Biernacki, Maciej .
Quantification of plant phenology.
Temperature and photoperiod data were used to quantify plant phenology. A new index of heat accumulation, daylight and night-time degree-hours were developed, to quantitatively model plant growth and development from seedling to maturity. Watermelon, cantaloup, and squash plants were seeded in pots and grown in a greenhouse. Heat accumulation index was significantly associated with plant mass and phenology. Plants produced male flowers after accumulation of c. 31 % and female flowers c. 37 % of total heat accumulated, fruited at c. 46 %, and matured at 100 %. Coefficient of determination for daylight and night-time degree-hours were 98 % vs 88 % for degree-days. Dry mass production was dominated by fruit and increased significantly with increased temperature. Root growth was optimal at temperatures significantly lower than these optimal for above-ground growth. Mean leaf surface area per plant increased as heat accumulation index increased up to 96% over plant life, while root surface area increased and maximized just after fruiting then decreased. Leaf surface area per plants and plant mass reflected reliably (with 98% confidence) heat accumulation by each plant. Root surface area was significantly affected by changes in the length of small roots (with diameter < 0.5 mm). Roots with diameter < 0.5 mm, and root tips were most responsive to temperature, compared to other root characteristics. Temperature and photoperiod data were reliably used to quantify plant growth and development. Mathematical model of plant phenology based on heat accumulation index may form the base for real-time prediction and evaluation of plant growth and development from seedling to maturity. Heat accumulation index may be used to quantitatively standardize plant growth and development and increase reliability of comparative studies. Also the index may allow for quantitative evaluation of environmental condition and suitability for successful completion of growth by selected plant species.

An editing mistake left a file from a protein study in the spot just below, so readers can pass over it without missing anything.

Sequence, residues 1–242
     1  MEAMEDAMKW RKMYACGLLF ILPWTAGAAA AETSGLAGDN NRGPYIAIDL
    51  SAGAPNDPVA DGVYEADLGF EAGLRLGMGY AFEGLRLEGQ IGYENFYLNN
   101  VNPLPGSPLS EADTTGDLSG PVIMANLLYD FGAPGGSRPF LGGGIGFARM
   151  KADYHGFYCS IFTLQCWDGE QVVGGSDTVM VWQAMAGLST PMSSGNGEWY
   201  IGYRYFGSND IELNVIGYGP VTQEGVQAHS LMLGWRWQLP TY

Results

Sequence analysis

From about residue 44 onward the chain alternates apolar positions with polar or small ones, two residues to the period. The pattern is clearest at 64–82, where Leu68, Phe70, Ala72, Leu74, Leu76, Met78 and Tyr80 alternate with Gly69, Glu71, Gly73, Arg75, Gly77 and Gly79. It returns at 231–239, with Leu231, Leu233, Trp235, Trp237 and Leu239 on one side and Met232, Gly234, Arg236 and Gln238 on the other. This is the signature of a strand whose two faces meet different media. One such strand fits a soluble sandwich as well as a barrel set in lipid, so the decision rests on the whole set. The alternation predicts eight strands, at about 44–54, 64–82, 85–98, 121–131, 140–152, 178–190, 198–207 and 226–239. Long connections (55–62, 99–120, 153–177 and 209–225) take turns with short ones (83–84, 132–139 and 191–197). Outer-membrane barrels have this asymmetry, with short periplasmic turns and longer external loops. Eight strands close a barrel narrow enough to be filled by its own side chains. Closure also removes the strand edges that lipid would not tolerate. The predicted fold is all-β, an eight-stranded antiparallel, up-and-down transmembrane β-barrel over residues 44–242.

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1 - University of Memphis, Biology, Memphis, TN, 38152, USA
timing of plant phenology
standardized plant growth.
Presentation Type: Oral Paper:Papers for Sections
Date: Tuesday, July 29th, 2008
Time: 2:00 PM